I was pretty saddened--and shocked--to find out that according to a recent study, girls start thinking of themselves as sex objects as young as 6. Since my own daughter, Vanessa, will be turning 6 years old next week, I read the results of the study very carefully and I must say I'm tempted to try what researchers did with my daughter to see how she views herself.

Basically, they used paper dolls--one dressed in sexy clothes and the other in trendy but not revealing clothes--to ask 6- to 9-year-old girls which one looked like herself, which one looked how she wanted to look, which one was the popular girl in school and which one she wanted to play with. 

While it might not be surprising to some people, I was horrified to find out that girls chose the sexy doll most often to answer these questions. In fact, a whopping 68 percent said the sexy doll looked how she wanted to look, while 72 percent chose her as the popular girl in school. 

Read more in ¿Qué más?: Is it ever okay to let a 4-year-old girl wear mak-eup in public?

Another reason why I read the results of the study with lots of interest was to see what it is I need to do to make sure Vanessa doesn't start thinking of herself as a sex object. Luckily, researchers believe that moms play a huge role in whether or not their daughters sexualize themselves. Although I didn't really need a scientist to tell me this, it's nice to get confirmation that what we do or don't do as moms has a lasting impact on our children.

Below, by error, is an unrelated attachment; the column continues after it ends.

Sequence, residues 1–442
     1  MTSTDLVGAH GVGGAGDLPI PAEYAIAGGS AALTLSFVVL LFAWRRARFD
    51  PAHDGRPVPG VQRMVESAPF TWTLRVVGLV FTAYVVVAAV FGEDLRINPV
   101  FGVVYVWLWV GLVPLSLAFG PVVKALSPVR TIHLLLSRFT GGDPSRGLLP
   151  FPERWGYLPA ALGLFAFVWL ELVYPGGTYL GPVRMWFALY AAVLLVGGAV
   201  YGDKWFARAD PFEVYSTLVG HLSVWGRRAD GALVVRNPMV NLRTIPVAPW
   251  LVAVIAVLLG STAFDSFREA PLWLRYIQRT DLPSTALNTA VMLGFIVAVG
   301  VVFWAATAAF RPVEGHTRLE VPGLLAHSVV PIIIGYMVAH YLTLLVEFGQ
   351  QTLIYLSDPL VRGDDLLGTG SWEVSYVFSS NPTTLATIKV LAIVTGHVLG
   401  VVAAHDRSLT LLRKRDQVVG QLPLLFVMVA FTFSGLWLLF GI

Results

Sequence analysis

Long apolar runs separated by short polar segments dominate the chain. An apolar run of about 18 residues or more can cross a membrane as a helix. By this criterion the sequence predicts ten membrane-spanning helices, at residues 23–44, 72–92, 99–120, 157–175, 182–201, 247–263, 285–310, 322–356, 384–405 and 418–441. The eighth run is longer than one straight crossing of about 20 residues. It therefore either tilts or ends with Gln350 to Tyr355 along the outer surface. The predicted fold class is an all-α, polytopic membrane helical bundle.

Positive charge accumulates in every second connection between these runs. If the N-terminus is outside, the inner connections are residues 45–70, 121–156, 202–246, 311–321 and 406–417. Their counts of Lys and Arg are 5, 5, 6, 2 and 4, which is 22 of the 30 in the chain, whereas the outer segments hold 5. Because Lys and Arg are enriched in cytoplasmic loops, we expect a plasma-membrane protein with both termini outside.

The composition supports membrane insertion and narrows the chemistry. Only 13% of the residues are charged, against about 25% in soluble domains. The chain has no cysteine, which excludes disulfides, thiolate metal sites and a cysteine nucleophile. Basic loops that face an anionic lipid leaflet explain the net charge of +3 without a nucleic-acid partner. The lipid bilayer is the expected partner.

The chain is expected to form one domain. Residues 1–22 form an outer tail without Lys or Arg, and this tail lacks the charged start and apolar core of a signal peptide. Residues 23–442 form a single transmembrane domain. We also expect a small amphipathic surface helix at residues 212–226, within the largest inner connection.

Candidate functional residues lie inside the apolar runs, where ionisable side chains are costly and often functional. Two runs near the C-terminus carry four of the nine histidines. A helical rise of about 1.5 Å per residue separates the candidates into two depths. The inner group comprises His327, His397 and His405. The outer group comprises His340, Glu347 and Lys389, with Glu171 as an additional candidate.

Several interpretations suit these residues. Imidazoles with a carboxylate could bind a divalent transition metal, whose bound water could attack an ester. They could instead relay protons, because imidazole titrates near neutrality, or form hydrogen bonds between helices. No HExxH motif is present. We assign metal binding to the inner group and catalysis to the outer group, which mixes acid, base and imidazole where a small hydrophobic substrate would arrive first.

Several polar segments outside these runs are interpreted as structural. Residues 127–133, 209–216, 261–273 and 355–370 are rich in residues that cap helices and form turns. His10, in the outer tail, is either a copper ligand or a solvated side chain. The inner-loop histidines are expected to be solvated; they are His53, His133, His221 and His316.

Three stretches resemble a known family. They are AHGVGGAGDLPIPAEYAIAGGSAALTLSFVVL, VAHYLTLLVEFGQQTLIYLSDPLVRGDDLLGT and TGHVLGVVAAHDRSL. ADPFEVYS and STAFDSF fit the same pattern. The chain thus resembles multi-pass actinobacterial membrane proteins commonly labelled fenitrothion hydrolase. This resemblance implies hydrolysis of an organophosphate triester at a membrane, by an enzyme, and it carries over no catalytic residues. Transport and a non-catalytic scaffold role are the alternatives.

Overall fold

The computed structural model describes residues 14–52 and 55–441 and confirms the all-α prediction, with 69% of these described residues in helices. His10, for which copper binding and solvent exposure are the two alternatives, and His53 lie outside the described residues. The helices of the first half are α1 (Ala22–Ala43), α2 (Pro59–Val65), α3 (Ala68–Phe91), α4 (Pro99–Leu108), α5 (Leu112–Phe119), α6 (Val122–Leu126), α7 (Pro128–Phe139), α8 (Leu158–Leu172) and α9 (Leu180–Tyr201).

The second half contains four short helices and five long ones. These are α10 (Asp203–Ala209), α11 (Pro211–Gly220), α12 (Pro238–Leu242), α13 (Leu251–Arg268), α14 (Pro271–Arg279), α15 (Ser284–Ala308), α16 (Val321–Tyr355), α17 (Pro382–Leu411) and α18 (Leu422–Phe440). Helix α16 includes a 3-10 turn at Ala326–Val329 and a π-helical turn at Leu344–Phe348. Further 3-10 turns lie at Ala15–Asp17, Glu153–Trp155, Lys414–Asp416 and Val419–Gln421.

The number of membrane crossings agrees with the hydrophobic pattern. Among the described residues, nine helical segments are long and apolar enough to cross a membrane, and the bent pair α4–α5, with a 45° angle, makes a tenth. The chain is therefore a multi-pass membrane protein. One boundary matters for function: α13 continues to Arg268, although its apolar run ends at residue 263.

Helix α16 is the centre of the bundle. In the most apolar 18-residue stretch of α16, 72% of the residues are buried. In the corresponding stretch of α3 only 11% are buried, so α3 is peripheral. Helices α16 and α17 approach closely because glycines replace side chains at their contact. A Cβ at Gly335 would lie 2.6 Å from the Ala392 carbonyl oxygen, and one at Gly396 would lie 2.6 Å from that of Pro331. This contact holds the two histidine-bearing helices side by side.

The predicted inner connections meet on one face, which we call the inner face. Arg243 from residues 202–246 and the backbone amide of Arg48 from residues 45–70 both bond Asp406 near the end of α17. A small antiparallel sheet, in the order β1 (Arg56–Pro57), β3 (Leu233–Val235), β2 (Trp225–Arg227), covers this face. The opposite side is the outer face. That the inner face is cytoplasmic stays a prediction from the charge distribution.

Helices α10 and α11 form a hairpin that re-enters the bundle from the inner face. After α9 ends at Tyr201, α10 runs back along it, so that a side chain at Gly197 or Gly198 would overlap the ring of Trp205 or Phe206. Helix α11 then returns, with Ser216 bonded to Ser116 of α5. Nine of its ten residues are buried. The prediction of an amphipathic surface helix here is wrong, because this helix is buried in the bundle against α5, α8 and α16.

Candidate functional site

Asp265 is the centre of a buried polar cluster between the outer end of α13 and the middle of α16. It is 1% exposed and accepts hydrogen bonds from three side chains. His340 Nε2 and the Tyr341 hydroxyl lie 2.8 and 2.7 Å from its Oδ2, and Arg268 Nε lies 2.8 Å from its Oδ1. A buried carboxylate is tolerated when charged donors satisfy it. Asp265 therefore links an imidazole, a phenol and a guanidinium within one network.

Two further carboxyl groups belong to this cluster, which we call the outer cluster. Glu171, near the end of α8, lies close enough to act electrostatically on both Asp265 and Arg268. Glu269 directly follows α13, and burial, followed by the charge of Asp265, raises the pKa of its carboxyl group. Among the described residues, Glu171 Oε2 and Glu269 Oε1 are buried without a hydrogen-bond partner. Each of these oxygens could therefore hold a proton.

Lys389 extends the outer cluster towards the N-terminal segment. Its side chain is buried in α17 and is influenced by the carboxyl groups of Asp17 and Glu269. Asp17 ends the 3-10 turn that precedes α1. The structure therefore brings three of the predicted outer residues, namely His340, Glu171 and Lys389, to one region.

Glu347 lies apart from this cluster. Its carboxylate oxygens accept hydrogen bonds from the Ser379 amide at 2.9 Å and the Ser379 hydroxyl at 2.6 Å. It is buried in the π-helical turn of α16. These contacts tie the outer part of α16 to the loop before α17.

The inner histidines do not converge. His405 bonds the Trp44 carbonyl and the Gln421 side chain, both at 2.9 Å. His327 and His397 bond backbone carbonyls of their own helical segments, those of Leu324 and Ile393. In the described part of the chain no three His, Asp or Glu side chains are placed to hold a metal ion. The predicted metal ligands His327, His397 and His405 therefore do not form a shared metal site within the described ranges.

With the consequences of self-objectification and sexualization--such as eating disorders and promiscuity--being so detrimental to our girls, it's imperative that we, as mothers, do everything we can to put a stop to it. For starters, we need to lead by example, which means that we need to stop constantly worrying about our appearance and our wardrobe. Otherwise, what are we teaching them?

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We also need to talk to them candidly about sexualization and find a way to use media--the culprit of so much of our self-objectification--to teach them about unrealistic scenarios and the need to have good self- and body-esteem. Hopefully, more moms will take note and we can work towards putting an end to the ludicrous and unacceptable results of this study.

Share your thoughts with us by leaving us a comment below. 

Image via marcalandavis/flickr

About the author

Roxana A. Soto is Features Editor for MamásLatinas. She's a bilingual and bicultural journalist born in Peru and raised in Mexico, Argentina, South Africa and Miami. She's also mom to a girl in 3rd grade and a boy in Kinder. She loves books, languages, traveling and good food – especially when cooked by someone else.

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